Writer Alan McMonagle on the story behind his darkly comic new Drama On One play...
As an adult, I have been writing for over a decade and a half. Every day is still the first day. To date, I have published three books. Two collections of short stories, both with small but dogged presses: Liar Liar (Wordsonthestreet, 2008) and Psychotic Episodes (Arlen House, 2013).
Listen: Drama On One: Shirley Temple Killer Queen by Alan McMonagle
In 2017, Ithaca, my fist novel was published by Picador. A second novel (Laura Cassidy's Walk Of Fame) is scheduled to appear early in 2020. I have also developed a great fondness for radio drama. And have had three radio plays transmitted on RTE Radio One's Sunday evening Drama on One.
My first radio play was called Oscar Night. It featured two (seemingly) sweet old ladies and their annual ritual of watching the Academy Awards Ceremony. On this particular 'Oscar night' their viewing is interrupted by an escaped felon who thinks he has landed on his feet. Little does he realize how swiftly the tables are about to be turned on him. Transmitted early in 2014 and directed by Gorretti Slavin, it featured veterans of stage and screen, Áine Ní Mhuirí and Máire Hastings, along with star-in-the-making Emmet Kirwan in the role of Oscar.
From RTÉ Radio 1's Drama On One podcast, Oscar Night by Alan McMonagle
My second radio play, People Walking On Water (2017), concerned two lost souls who have arrived at a seemingly farcical impasse over staunch claims that a varied assortment of individuals can be seen walking across the harbour waters. It featured the well-travelled Eamon Morrissey alongside Muiris Crowley and Manus Halligan, and once again the inspirational Gorretti Slavin was at the helm.
From RTÉ Radio 1's Drama On One podcast, People Walking On Water by Alan McMonagle starring Eamon Morrissey, Muiris Crowley and Manus Halligan in the tale of two argumentative men, a tricksy bridge and one almighty chancer
Shirley Temple Killer Queen is my latest radio play. It's a darkly-comic offering, involving a pair of sibling sister assassins-for-hire who have just rocked up at the location for their very last kill – a ramshackle bar that has most definitely seen better days. Into the bar they swagger, along with plenty of ammo, two guns, one switchblade knife and enough attitude to ensure that the overly inquisitive barkeep is not going to give them the runaround. But something feels 'off' about the set-up. And several rounds of their favourite cocktails later, our sibling assassins are about to discover what that something is.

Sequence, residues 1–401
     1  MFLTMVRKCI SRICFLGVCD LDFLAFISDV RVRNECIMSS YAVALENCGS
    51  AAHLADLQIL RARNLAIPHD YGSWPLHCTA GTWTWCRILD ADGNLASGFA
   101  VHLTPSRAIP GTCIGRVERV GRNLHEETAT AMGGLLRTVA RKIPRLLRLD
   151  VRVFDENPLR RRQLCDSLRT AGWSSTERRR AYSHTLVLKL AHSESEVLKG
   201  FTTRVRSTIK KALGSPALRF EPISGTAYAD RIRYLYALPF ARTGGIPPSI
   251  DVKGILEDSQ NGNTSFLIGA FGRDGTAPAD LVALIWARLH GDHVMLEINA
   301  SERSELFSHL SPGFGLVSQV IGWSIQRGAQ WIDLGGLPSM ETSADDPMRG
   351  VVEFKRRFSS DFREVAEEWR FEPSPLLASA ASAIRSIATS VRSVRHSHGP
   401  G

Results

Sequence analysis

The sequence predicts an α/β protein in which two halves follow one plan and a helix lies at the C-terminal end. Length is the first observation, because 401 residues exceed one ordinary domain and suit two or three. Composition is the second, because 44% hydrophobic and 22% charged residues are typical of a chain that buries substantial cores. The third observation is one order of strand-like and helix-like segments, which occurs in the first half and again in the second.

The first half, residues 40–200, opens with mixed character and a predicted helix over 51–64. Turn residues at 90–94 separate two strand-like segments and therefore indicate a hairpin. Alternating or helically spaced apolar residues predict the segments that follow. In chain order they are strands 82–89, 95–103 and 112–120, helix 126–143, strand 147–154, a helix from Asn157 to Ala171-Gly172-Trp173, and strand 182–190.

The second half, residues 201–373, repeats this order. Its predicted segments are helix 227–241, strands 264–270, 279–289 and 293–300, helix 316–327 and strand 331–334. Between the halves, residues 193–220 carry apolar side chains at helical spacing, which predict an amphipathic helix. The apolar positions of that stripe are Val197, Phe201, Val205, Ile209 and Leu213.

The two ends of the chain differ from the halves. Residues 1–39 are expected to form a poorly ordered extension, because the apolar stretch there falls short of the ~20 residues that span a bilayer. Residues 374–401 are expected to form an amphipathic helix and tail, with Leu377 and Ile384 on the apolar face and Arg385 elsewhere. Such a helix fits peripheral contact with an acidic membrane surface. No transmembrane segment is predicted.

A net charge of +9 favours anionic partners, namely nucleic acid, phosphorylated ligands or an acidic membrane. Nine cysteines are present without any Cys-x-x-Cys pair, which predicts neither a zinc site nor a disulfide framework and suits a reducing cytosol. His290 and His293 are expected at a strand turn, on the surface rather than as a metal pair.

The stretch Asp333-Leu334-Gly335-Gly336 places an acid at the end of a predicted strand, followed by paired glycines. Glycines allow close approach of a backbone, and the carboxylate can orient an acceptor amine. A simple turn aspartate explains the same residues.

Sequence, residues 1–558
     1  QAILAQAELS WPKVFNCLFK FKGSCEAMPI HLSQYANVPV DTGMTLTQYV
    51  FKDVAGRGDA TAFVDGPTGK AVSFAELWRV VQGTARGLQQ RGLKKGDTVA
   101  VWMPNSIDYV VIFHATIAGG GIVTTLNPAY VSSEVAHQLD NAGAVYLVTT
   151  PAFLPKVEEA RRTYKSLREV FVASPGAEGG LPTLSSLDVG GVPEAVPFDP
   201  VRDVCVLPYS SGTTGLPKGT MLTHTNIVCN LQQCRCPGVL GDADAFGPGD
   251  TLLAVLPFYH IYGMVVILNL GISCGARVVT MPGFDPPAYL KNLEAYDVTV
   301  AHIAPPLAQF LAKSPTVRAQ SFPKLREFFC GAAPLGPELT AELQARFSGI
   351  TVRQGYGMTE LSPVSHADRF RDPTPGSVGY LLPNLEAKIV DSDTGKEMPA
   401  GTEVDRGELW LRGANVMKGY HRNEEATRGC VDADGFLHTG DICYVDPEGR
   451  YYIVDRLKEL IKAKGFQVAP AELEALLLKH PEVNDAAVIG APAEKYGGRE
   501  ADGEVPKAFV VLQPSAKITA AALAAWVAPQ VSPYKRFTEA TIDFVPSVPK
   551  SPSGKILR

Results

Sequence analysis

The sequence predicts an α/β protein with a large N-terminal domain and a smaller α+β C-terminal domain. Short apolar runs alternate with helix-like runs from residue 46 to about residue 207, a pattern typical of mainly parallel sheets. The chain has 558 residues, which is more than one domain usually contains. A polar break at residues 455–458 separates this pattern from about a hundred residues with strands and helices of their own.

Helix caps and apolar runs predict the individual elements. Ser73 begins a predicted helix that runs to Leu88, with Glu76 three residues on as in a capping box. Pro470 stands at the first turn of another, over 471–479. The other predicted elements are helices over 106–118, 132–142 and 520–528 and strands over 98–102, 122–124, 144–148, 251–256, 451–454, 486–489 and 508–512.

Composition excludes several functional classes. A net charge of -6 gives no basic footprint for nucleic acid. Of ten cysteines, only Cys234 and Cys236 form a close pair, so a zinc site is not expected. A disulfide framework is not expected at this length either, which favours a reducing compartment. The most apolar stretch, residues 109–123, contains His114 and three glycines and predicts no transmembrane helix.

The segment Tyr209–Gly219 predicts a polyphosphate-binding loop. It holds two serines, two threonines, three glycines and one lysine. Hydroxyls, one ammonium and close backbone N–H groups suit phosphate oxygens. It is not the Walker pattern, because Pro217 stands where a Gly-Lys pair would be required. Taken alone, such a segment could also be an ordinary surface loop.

There is lots of dark humour, one or two moments that reach into the macabre, and we are always very much in the realm of the absurd
We had an acting dream team for the production. Nyree Yergainharsian and Rebecca Grimes are wonderfully contradictory, unpredictable and surprising as the pair of sibling assassins. David Pearse is pitch-perfect as the barkeep who must somehow get his head around this 'baying-for-blood' pairing arrived into his premises. It's quite a stylised piece. There is lots of dark humour, one or two moments that reach into the macabre, and we are always very much in the realm of the absurd. All-in-all I think the play owes a large part of its conception to lengthy stretches of my youth spent in the company of late-night Film Noir. Fast-talking gumshoes and even faster-talking women. The title is a composite of the two cocktails my chalk-and-cheese siblings like to drink. The off-kilter tone of the piece ensured plenty of fun putting it together.
This is also my third time collaborating with Gorretti Slavin. She can articulate better than I ever can the precise appeal of radio drama, and the possibilities she can discern in my offerings to date. I like the collaborative aspect of the form. I like using dialogue to tell stories. I enjoy handing over a script to a director who understands what it is the text is trying to do and can transfer this understanding to the actors. I love being around actors. Watching them interact, listening to their take on character, seeing them time and time again lift a piece of writing thrillingly off the page. I think there is something wondrous in that a hitherto unknown to each other ensemble (writer, director, cast and crew) can come together and somehow magic up a piece of effective drama.
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